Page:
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October 9, 2014

Be Fit Pitt: New app promotes activity

Be Fit Pitt is a new service that aims to get University staff and faculty moving.

The first phase of the program is a texting service that suggests physical activities faculty and staff can do right in their offices.

The program, started Oct. 1, is headed by Renee J. Rogers, faculty member in the School of Education’s Department of Health and Physical Activity and director of its health and fitness program.

The department already offers exercise and other classes for University employees, but Rogers realizes that classes don’t fit into everyone’s schedules. Yet research on sedentary behavior — “it’s the hot button issue now,” she says — has found that it is correlated with negative health effects and chronic disease.

So Be Fit Pitt allows staff and faculty to sign up at for brief daily text suggestions of in-office physical activities that ideally will serve as friendly reminders of the value of movement and exercise. The texts also will include nutrition tips and research findings.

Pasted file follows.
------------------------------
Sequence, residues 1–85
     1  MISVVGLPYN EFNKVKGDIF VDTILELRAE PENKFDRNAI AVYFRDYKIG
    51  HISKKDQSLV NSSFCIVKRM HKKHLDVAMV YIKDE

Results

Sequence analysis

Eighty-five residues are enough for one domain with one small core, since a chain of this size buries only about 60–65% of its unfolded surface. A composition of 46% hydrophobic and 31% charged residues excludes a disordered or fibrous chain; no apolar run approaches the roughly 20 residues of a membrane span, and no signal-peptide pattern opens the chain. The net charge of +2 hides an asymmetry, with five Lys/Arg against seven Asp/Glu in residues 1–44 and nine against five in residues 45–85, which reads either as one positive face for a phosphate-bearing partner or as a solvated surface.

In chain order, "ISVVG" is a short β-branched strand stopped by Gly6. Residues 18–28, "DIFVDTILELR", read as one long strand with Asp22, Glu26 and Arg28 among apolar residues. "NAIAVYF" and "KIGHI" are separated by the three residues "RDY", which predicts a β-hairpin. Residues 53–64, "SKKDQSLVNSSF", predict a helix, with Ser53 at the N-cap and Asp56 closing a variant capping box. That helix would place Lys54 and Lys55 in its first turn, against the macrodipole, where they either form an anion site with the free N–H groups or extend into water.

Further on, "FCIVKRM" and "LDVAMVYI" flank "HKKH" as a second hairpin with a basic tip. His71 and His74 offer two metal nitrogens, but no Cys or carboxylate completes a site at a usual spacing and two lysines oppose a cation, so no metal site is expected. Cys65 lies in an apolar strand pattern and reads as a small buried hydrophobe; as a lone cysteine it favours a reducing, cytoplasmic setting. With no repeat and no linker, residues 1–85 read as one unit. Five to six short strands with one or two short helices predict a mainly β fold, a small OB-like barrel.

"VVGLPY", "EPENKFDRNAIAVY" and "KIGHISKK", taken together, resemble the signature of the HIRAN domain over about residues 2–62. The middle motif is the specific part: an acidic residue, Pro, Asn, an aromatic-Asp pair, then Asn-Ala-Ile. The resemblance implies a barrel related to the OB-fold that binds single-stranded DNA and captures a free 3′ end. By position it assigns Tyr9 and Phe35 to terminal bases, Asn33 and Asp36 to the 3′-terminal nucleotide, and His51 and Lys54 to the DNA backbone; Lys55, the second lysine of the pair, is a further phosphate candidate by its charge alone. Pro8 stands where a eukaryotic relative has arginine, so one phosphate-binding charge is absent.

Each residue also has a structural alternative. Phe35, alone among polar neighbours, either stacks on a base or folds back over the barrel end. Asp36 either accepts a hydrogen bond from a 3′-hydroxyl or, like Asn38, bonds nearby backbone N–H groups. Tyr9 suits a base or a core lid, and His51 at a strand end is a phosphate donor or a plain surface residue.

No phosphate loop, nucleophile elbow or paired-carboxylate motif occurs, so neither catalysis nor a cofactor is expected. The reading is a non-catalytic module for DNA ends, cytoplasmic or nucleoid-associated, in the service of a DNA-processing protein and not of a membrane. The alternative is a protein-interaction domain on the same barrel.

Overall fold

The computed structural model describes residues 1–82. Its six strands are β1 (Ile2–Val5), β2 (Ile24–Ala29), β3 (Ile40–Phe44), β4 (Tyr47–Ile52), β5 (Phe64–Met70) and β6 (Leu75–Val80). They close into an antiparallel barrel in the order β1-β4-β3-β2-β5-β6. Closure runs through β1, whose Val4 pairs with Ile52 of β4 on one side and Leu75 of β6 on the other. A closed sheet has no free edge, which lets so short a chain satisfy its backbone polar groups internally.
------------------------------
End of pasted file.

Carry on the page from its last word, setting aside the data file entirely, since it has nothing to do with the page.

“Let’s start getting people moving more,” she says. “That may lead to better things in time. Anything that removes the barrier to getting to the gym…”

Early texts have included:

• “Small steps make a big difference. Let’s start by focusing on how long you are sedentary at work. Keep track.”

• “Ten minute walking bouts can add up. You don’t need to go for a long walk. Short ones can make a big difference.”

Soon, the texts may include links to videos created by students in Rogers’ department, offering more detailed in-office exercise instructions.

“The goal is to give them a quick thing that makes a difference,” she says, “and if they want more information they can click on the link. If we can just open up awareness, it can maybe make a difference in people moving a little bit more.”

She currently is piloting phase II of Be Fit Pitt, which by January may bring her students to individual departments to give department-specific advice. Those in Trees Hall, for instance, could learn that the perimeter is a 10-minute walk, and they may be advised to try this trek three times a day.

Nearly 1,000 faculty and staff members had signed up for the service as of Oct. 3. “We are thrilled,” she says. “I couldn’t ask for a better result.”

—Marty Levine

Filed under: Feature,Volume 47 Issue 4